• This is a political forum that is non-biased/non-partisan and treats every person's position on topics equally. This debate forum is not aligned to any political party. In today's politics, many ideas are split between and even within all the political parties. Often we find ourselves agreeing on one platform but some topics break our mold. We are here to discuss them in a civil political debate. If this is your first visit to our political forums, be sure to check out the RULES. Registering for debate politics is necessary before posting. Register today to participate - it's free!

Does mental illness really make one more dangerous?

Masterhawk

DP Veteran
Joined
May 6, 2016
Messages
1,808
Reaction score
415
Location
Colorado
Gender
Male
Political Leaning
Independent
Many gun control advocates (including some republicans) believe that the mentally ill should not own guns. The premise is that those with a mental illness are more likely to be violent.

But is that really true?

Studies show that individuals with a mental illness are no more likely to commit crimes than their non mentally ill counterparts, but they are more likely to be victims of violence. Crime is more heavily related to alcohol and drug abuse than mental illness.

https://www.health.harvard.edu/newsletter_article/mental-illness-and-violence
https://theconversation.com/mental-...you-may-not-know-about-the-complexities-92337
https://www.vox.com/policy-and-poli...72/mental-illness-gun-homicide-mass-shootings
https://www.pbs.org/newshour/health...ds-to-gun-violence-heres-why-doctors-disagree
Most Violent Crimes Are Wrongly Linked to Mental Illness | Time
 

ecofarm

global liberation
Supporting Member
DP Veteran
Joined
Jun 4, 2010
Messages
125,297
Reaction score
37,678
Location
Miami
Gender
Male
Political Leaning
Independent
Some mental illness. Not all. The ones that make people unpredictably violent or without empathy. That sort of illness. That sort of illness does commit more crimes.

But it's not about crime rates. It's about facilities.
 

Arby

Deplorable
Joined
Nov 15, 2017
Messages
497
Reaction score
190
Location
PA.
Gender
Male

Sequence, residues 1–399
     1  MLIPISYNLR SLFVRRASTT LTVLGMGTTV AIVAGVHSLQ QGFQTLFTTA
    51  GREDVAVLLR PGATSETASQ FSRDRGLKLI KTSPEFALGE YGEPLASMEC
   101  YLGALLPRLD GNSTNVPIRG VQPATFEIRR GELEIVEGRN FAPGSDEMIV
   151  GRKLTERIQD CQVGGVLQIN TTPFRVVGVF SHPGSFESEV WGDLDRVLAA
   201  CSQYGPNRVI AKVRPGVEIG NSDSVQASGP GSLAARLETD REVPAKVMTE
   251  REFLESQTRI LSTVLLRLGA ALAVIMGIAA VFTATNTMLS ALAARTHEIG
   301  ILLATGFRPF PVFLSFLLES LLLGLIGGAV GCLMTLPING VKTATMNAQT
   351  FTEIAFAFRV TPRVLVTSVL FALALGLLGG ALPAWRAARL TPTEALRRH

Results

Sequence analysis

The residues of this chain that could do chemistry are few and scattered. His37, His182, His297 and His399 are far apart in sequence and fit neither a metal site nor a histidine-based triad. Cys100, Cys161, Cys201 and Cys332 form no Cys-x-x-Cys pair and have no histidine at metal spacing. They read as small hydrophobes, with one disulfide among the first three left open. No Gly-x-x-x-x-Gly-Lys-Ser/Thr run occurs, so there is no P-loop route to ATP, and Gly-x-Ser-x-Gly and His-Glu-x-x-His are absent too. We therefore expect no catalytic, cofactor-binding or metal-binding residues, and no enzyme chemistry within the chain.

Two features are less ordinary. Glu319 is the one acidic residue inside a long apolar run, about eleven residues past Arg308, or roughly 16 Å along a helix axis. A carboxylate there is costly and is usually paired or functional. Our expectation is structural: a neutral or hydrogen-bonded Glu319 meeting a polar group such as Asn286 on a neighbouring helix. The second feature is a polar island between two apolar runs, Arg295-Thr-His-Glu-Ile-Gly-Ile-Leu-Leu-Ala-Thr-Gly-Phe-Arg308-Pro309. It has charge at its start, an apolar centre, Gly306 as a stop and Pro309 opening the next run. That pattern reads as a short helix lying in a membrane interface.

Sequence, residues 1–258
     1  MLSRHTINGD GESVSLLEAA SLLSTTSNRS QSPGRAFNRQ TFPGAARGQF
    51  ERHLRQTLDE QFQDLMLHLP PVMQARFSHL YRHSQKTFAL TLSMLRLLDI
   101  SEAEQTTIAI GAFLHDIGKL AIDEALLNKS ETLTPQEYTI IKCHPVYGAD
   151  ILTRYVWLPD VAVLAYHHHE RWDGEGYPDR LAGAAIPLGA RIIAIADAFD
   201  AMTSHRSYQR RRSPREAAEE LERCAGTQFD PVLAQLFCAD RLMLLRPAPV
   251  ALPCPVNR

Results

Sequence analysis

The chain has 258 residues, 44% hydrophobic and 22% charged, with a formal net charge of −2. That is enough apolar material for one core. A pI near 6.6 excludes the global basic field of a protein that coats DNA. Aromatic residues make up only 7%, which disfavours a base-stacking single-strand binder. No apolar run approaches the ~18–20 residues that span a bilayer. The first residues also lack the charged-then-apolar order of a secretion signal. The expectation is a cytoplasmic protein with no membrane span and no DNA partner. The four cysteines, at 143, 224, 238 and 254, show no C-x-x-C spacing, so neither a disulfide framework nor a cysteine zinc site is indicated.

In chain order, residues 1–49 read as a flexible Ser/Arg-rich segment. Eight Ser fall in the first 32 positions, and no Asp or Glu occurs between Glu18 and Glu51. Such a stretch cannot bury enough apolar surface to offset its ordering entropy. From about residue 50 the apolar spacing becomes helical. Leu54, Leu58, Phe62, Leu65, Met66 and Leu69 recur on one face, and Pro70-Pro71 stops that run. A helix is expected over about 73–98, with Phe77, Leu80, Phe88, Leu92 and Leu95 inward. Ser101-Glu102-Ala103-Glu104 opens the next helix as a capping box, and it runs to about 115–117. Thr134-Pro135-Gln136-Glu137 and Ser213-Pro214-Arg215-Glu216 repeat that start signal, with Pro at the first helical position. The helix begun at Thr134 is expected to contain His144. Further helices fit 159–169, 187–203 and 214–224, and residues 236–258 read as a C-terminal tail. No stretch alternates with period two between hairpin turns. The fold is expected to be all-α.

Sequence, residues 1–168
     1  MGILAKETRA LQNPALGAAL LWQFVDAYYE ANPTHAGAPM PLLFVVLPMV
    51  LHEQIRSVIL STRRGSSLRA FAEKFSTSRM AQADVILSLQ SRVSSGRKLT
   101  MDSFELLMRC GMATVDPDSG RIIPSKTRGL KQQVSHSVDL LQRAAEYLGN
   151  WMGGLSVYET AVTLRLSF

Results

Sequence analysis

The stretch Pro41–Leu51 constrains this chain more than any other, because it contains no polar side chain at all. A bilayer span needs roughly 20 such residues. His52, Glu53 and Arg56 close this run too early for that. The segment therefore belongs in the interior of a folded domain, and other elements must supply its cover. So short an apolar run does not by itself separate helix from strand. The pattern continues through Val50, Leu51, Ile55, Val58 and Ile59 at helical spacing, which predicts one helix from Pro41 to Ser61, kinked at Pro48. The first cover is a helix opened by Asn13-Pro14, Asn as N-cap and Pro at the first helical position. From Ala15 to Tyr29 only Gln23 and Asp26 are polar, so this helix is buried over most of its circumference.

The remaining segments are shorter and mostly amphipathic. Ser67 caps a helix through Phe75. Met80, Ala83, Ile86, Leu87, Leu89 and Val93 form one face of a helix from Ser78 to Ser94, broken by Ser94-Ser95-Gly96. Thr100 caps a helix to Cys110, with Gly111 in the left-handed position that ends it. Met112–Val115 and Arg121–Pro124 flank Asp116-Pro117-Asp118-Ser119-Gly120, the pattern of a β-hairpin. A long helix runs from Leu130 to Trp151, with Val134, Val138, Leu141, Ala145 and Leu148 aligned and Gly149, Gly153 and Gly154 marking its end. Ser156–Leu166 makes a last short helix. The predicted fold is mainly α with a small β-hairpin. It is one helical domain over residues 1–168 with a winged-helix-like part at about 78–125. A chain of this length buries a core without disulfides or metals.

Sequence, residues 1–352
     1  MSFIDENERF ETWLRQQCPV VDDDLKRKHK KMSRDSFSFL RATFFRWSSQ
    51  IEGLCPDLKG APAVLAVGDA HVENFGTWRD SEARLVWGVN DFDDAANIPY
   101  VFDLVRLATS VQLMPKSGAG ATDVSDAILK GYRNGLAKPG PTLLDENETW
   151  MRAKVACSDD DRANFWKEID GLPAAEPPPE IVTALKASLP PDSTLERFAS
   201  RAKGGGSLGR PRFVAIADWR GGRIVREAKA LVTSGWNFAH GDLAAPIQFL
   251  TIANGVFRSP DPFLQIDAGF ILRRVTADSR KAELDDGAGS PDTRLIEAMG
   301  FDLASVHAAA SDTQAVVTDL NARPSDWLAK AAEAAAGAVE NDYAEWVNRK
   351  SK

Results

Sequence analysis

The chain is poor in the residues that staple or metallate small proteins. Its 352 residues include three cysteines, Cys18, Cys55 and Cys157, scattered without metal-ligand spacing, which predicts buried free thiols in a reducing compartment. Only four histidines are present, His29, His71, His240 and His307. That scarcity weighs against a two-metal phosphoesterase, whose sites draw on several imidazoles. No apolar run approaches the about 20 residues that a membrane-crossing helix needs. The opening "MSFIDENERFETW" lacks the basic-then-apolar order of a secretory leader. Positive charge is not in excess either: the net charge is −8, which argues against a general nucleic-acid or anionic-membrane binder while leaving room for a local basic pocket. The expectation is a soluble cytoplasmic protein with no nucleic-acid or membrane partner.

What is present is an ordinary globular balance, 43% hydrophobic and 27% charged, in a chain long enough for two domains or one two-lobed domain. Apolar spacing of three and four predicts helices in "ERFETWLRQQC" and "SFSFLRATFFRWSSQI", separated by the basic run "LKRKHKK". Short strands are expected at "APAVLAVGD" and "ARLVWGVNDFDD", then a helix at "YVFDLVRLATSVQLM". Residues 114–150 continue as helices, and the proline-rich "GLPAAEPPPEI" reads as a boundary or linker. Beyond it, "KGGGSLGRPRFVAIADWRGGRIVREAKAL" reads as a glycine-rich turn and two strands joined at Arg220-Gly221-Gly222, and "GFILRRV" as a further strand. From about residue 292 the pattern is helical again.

Political Leaning
Undisclosed
Some mental illness. Not all. The ones that make people unpredictably violent or without empathy. That sort of illness. That sort of illness does commit more crimes.

But it's not about crime rates. It's about facilities.

Should we build more institutions?
 

ecofarm

global liberation
Supporting Member
DP Veteran
Joined
Jun 4, 2010
Messages
125,297
Reaction score
37,678
Location
Miami
Gender
Male
Political Leaning
Independent
Should we build more institutions?

I think the question is, "at what point do we draw the line on out-patients". There are out-patients (so to speak, I don't mean to offend if that's an improper term) that are mentally ill in a way that requires precautions if they are to enjoy non institutional life. Do we say, "if we can't trust them with a gun, lock them up"? I don't think that's always the case.

For example, what about people with lock-boxes of meds that a professional must come to their residence and administer every day. I don't see a gun being a good idea there.

It's not my field or one of my interests (mental illness) so I don't know any of the details of the considerations I propose above.
 
Last edited:

Arby

Deplorable
Joined
Nov 15, 2017
Messages
497
Reaction score
190
Location
PA.
Gender
Male
Political Leaning
Undisclosed
I think the question is, "at what point do we draw the line on out-patients". There are out-patients (so to speak, I don't mean to offend if that's an improper term) that are mentally ill in a way that requires precautions if they are to enjoy non institutional life. Do we say, "if we can't trust them with a gun, lock them up"? I don't think that's always the case.

For example, what about people with lock-boxes of meds that a professional must come to their residence and administer every day. I don't see a gun being a good idea there.

It's not my field or one of my interests (mental illness) so I don't know any of the details of the considerations I propose above.

I was just curious. I agree with you questioning where we draw the line.
 

ecofarm

global liberation
Supporting Member
DP Veteran
Joined
Jun 4, 2010
Messages
125,297
Reaction score
37,678
Location
Miami
Gender
Male
Political Leaning
Independent
I was just curious. I agree with you questioning where we draw the line.

Fwiw, I'm very pro gun. I'm just trying to be realistic on a subject I'm only half versed in (the gun rights half).
 

KevinKohler

DP Veteran
Joined
Oct 4, 2011
Messages
23,690
Reaction score
11,069
Location
CT
Gender
Male
Political Leaning
Undisclosed
Many gun control advocates (including some republicans) believe that the mentally ill should not own guns. The premise is that those with a mental illness are more likely to be violent.

But is that really true?

Studies show that individuals with a mental illness are no more likely to commit crimes than their non mentally ill counterparts, but they are more likely to be victims of violence. Crime is more heavily related to alcohol and drug abuse than mental illness.

https://www.health.harvard.edu/newsletter_article/mental-illness-and-violence
https://theconversation.com/mental-...you-may-not-know-about-the-complexities-92337
https://www.vox.com/policy-and-poli...72/mental-illness-gun-homicide-mass-shootings
https://www.pbs.org/newshour/health...ds-to-gun-violence-heres-why-doctors-disagree